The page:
It is described as having a bulb at the bottom of a sealed tube filled with brandy. The tube has a numbered scale. Delmedigo does not claim to have invented this instrument, nor does he name anyone else as its inventor. In about 1654 Ferdinando II de' Medici, Grand Duke of Tuscany produced such an instrument, the first modern-style thermometer, dependent on the expansion of a liquid, independent of air pressure. Many other scientists experimented with various designs of thermometer. However, each inventor and each thermometer was unique—there was no standard scale. In 1665 Christiaan Huygens suggested using the melting and boiling points of water as standards, in 1694 Carlo Renaldini proposed using them as fixed points on a universal scale. In 1701, Isaac Newton proposed a scale of 12 degrees between the melting point of ice and body temperature. In 1714 Dutch scientist and inventor Daniel Gabriel Fahrenheit invented the first reliable thermometer, using mercury instead of alcohol and water mixtures.
In 1724 he proposed a temperature scale. He could do this because he manufactured thermometers, using mercury for the first time and the quality of his production could provide a finer scale and greater reproducibility, leading to its general adoption. In 1742, Anders Celsius proposed a scale with zero at the boiling point and 100 degrees at the freezing point of water, though the scale which now bears his name has them the other way around. French entomologist René Antoine Ferchault de Réaumur invented an alcohol thermometer and temperature scale in 1730 that proved to be less reliable than Fahrenheit's mercury thermometer; the first physician that put thermometer measurements to clinical practice was Herman Boerhaave. In 1866, Sir Thomas Clifford Allbutt invented a clinical thermometer that produced a body temperature reading in five minutes as opposed to twenty. In 1999, Dr. Francesco Pompei of the Exergen Corporation introduced the world's first temporal artery thermometer, a non-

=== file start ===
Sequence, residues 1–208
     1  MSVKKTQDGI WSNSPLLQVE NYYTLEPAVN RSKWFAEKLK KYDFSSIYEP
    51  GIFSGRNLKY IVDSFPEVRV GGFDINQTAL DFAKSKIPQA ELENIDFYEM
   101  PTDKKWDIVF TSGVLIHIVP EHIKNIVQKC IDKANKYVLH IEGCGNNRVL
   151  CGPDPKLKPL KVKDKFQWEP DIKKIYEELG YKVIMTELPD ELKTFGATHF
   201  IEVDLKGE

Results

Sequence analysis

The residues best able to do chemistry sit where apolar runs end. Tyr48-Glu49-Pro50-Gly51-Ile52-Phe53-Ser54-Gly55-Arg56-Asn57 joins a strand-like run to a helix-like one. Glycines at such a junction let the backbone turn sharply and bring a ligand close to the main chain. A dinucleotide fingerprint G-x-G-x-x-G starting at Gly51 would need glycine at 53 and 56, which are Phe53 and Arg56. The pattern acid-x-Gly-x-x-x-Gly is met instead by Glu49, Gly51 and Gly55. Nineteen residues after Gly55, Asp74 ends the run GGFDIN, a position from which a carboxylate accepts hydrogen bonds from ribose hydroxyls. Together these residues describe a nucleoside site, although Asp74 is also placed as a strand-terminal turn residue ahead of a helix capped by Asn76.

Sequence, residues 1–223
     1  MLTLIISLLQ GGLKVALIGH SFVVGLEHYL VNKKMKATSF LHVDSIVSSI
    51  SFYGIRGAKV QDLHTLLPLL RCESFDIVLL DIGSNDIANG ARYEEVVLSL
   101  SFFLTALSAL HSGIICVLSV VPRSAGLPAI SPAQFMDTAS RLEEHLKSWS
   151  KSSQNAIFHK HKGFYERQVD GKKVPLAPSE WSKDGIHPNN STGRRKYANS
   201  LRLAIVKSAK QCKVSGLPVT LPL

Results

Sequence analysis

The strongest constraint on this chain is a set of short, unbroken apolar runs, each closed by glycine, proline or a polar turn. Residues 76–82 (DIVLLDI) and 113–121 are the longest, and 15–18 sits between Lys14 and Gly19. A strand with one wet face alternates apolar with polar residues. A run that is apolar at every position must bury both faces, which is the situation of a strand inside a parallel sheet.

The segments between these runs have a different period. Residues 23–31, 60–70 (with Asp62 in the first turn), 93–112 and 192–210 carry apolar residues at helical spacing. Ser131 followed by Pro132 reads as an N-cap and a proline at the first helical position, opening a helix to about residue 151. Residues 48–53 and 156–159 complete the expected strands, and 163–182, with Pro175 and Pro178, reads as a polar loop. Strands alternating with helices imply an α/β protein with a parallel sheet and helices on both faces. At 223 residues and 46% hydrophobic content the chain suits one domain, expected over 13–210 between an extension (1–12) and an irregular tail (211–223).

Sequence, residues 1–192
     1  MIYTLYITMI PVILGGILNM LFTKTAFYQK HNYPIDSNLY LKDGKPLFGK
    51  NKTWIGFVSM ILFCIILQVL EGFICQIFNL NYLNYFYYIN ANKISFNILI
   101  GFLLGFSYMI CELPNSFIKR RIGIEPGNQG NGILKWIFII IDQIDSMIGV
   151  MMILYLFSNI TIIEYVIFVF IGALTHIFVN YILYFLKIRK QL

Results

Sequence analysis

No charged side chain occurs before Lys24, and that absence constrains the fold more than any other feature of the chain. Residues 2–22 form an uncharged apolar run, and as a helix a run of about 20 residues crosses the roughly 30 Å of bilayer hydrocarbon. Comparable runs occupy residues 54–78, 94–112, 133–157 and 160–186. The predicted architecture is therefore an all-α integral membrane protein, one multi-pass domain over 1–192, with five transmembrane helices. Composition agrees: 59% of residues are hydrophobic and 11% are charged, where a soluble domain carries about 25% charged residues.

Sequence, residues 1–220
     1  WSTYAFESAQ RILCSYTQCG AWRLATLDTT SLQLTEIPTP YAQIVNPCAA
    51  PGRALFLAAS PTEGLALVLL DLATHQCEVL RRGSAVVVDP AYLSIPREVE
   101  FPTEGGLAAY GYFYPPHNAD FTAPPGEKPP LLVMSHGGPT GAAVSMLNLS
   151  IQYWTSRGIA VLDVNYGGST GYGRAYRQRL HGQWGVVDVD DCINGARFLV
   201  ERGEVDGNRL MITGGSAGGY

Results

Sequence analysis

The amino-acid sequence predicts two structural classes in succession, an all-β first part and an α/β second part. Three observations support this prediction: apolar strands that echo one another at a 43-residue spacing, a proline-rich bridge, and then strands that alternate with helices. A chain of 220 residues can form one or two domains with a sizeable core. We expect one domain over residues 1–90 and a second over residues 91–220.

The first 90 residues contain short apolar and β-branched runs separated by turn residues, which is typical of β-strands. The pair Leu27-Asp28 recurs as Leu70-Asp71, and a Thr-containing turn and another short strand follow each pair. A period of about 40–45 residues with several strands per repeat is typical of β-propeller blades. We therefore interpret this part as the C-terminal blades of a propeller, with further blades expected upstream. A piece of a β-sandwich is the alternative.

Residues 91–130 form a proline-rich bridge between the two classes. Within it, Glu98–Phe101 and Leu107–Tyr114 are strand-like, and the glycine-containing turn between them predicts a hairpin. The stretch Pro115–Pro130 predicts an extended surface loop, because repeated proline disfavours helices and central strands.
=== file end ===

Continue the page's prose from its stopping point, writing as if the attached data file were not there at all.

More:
A Pocket PC known by Microsoft as a'Windows Mobile Classic device', was a kind of personal digital assistant that runs the Windows Mobile operating system. It has some of the abilities of modern desktop PCs; as of 2010, thousands of applications existed for handhelds adhering to the Microsoft Pocket PC specification, many of which were freeware. Some of these devices are mobile phones. Microsoft-compliant Pocket PCs can be used with many add-ons such as GPS receivers, barcode readers, RFID readers, cameras. In 2007, with the advent of Windows Mobile 6, Microsoft dropped the name Pocket PC in favor of a new naming scheme: Windows Mobile Classic: devices without an integrated phone; the Pocket PC was an evolution from prior calculator-sized computers. Keystroke-programmable calculators which could do simple business and scientific applications were available by the 1970s. In 1982, Hewlett Packard's HP-75 incorporated a 1-line text display, an alphanumeric keyboard, HP BASIC language and some basic PDA abilities.